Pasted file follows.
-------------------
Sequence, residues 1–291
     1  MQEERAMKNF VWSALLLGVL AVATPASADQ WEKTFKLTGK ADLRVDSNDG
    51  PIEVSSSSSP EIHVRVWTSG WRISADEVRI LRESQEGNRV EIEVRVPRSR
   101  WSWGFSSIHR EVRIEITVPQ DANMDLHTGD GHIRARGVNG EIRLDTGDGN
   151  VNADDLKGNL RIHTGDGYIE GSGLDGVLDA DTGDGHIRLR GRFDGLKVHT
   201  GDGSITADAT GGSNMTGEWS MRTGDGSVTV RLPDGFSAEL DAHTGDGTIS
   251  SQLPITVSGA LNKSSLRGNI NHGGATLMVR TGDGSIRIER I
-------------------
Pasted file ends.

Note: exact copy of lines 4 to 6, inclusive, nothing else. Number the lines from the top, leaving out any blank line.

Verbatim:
   101  WSWGFSSIHR EVRIEITVPQ DANMDLHTGD GHIRARGVNG EIRLDTGDGN
   151  VNADDLKGNL RIHTGDGYIE GSGLDGVLDA DTGDGHIRLR GRFDGLKVHT
   201  GDGSITADAT GGSNMTGEWS MRTGDGSVTV RLPDGFSAEL DAHTGDGTIS